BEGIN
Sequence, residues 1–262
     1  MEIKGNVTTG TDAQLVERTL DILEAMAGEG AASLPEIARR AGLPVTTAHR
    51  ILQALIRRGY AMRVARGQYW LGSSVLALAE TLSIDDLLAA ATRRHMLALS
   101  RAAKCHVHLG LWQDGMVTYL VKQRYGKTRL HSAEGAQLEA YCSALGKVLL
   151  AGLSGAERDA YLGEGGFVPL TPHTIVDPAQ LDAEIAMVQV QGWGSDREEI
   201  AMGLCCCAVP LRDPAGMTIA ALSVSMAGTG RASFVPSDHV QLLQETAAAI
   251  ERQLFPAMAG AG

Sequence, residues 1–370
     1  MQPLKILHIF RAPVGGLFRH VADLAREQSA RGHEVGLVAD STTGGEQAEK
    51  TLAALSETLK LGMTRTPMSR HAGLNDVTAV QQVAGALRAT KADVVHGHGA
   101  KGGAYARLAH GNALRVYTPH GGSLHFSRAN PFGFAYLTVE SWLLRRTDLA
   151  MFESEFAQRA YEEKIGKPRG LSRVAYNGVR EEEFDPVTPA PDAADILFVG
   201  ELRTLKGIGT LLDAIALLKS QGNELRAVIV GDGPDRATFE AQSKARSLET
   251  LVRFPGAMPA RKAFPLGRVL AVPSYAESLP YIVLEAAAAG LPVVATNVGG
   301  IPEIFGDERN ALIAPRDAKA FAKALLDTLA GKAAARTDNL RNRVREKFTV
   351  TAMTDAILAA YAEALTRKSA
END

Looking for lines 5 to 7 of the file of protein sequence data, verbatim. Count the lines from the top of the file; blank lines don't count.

   151  AGLSGAERDA YLGEGGFVPL TPHTIVDPAQ LDAEIAMVQV QGWGSDREEI
   201  AMGLCCCAVP LRDPAGMTIA ALSVSMAGTG RASFVPSDHV QLLQETAAAI
   251  ERQLFPAMAG AG